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Legionella Pneumophila IgG ELISA

$362.70 excl. VAT

Enzyme immunoassay for the qualitative determination of IgG class antibodies against Legionella pneumophila in human serum or plasma. High sensitivity and specificity with a total assay time of 2-3 hours.

LEGIONELLA PNEUMOPHILA IgG ELISA

Legionella pneumophila IgG ELISA for the qualitative determination of IgG class antibodies against Legionella pneumophila in human serum or plasma (citrate, heparin).

The qualitative immunoenzymatic determination of specific antibodies is based on the ELISA (Enzyme-linked Immunosorbent Assay) technique. Microplates are coated with specific antigens to bind corresponding antibodies of the sample. After washing the wells to remove all unbound sample material a horseradish peroxidase (HRP) labelled conjugate is added. This conjugate binds to the captured antibodies. In a second washing step unbound conjugate is removed. The immune complex formed by the bound conjugate is visualized by adding Tetramethylbenzidine (TMB) substrate which gives a blue reaction product. The intensity of this product is proportional to the amount of specific antibodies in the sample. Sulphuric acid is added to stop the reaction. This produces a yellow endpoint colour. Absorbance at 450/620 nm is read using an ELISA microwell plate reader.

 

PRODUCT DETAILS

  • Legionella pneumophila IgG ELISA
  • High sensitivity – 90%
  • High specificity – 100%
  • Short assay time – <3 hours
  • 1 x 96 tests

BACKGROUND

Legionellae are aerobic gram-negative facultative intracellular parasites of certain protozoa. They are found in freshwater environments worldwide and can cause respiratory disease (legionellosis) in humans. Legionella was first identified after an outbreak of pneumonia involving delegates of the 1976 American Legion Convention at a Philadelphia hotel. The genus Legionella currently has at least 50 species comprising 70 distinct serogroups. One species of Legionella, L. pneumophila, is the aetiological agent of approximately 90 % of legionellosis cases, and serogroup 1 (Sg1) accounts for about 84 % of these cases (WHO).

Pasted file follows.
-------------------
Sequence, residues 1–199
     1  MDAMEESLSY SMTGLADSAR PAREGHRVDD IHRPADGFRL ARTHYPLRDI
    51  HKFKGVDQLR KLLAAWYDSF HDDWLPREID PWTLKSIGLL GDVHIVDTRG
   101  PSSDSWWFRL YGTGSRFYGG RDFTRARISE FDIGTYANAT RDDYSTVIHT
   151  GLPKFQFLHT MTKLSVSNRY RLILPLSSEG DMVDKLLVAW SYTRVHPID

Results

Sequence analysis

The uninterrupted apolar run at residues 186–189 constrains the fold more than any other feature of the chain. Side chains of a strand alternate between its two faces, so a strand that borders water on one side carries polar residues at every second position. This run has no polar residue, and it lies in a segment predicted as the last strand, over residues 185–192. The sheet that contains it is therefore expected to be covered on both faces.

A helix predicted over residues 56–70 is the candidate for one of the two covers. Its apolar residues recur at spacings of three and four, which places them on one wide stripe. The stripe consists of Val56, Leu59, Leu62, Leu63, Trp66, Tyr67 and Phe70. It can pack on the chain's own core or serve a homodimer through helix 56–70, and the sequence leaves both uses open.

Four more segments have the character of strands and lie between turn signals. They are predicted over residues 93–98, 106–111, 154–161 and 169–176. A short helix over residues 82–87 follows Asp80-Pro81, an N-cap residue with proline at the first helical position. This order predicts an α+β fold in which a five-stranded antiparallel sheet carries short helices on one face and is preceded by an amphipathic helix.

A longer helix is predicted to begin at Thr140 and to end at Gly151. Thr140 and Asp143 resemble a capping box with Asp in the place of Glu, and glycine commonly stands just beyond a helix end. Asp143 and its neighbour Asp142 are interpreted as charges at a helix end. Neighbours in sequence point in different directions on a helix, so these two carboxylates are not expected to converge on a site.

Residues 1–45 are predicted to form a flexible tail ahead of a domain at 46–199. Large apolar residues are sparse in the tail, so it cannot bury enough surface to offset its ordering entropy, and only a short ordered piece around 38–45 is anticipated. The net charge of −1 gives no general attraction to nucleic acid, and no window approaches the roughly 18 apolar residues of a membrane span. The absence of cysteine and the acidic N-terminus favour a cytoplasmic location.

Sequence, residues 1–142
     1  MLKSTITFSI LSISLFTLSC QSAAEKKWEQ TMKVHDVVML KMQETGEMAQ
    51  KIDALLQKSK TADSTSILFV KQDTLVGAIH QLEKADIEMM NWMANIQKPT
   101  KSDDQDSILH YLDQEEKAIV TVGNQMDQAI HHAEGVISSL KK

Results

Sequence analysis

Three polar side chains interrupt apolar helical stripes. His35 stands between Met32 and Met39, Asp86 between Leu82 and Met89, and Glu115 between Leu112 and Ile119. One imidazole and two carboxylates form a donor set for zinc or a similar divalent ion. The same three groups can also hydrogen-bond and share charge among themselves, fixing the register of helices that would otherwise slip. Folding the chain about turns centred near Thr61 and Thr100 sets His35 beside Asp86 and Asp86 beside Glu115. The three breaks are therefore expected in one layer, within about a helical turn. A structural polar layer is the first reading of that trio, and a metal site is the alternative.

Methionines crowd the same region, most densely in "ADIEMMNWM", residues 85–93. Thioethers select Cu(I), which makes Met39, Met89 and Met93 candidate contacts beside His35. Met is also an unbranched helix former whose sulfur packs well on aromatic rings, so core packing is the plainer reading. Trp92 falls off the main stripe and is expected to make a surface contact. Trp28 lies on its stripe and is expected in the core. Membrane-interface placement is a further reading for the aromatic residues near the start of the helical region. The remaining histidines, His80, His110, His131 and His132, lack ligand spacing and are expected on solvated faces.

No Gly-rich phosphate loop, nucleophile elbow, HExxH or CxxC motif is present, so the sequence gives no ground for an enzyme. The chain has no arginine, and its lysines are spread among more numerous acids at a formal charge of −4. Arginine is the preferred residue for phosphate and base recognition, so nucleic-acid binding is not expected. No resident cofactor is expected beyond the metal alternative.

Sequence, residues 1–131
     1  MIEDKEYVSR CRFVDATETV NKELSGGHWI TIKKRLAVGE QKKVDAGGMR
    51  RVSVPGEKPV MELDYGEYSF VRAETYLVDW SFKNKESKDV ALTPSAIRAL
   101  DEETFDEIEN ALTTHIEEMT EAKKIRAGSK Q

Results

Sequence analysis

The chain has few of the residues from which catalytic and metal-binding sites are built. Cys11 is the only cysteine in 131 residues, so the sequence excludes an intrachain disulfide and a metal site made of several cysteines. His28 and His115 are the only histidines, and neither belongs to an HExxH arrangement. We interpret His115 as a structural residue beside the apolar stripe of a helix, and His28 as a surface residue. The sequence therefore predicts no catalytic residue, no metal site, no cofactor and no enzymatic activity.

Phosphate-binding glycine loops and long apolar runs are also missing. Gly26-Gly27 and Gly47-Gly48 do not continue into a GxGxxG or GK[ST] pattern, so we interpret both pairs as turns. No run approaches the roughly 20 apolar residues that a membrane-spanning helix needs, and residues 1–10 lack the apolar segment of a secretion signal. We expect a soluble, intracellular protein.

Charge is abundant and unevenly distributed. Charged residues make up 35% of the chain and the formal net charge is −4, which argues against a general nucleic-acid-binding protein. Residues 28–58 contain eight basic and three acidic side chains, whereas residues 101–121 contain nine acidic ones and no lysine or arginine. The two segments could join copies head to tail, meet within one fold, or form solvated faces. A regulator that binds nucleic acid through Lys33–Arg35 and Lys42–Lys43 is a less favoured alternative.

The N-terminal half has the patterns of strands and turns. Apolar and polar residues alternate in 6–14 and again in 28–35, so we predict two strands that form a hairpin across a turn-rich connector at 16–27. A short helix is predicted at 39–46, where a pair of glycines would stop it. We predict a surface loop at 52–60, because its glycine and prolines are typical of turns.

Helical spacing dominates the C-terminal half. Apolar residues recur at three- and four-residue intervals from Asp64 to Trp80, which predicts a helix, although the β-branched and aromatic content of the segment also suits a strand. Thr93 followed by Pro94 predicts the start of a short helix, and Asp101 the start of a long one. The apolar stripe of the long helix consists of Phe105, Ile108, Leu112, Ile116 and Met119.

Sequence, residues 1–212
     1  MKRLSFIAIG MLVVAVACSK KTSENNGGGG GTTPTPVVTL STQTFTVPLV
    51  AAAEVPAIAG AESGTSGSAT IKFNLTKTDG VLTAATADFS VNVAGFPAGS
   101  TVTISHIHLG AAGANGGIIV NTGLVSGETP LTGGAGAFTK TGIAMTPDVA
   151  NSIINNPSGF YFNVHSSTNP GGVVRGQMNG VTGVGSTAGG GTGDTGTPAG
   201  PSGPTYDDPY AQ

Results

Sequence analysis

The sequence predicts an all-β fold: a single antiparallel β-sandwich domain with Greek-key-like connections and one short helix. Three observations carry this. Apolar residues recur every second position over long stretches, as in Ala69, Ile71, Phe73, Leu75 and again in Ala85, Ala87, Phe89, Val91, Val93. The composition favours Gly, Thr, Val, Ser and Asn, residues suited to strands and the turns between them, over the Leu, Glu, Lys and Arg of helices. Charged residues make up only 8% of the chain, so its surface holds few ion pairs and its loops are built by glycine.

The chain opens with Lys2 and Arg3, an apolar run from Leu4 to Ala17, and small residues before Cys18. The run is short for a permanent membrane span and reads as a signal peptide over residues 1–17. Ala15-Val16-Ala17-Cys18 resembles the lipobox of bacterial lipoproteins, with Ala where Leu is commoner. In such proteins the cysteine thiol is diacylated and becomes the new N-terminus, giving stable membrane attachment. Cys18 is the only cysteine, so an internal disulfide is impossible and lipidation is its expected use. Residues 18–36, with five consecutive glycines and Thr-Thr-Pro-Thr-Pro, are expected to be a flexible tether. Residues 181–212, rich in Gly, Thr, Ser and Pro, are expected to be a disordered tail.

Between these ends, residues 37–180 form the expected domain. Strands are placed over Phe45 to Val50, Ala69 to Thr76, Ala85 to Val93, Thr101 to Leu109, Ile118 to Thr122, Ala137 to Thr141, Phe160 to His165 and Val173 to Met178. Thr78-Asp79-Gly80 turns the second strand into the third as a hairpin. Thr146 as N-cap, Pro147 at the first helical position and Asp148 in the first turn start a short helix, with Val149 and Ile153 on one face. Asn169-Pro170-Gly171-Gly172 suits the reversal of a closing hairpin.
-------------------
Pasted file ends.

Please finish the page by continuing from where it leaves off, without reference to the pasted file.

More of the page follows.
L. pneumophila multiplies itself at temperatures between 25 and 42 °C, with an optimal growth temperature of 35 °C. Legionella thrives in warm, stagnant water in the environment and in artificial systems such as cooling towers, evaporative condensers, hot and cold-water systems and spa pools that mimic the natural environment in which the organism thrives. These systems also provide the means by which aerosols/droplets are generated and the organism dispersed into the atmosphere. Legionellosis can be acquired by the inhalation of aerosols containing Legionella bacteria or by micro-aspiration of ingested water contaminated with Legionella. Person-to-person transmission is not thought to be a risk.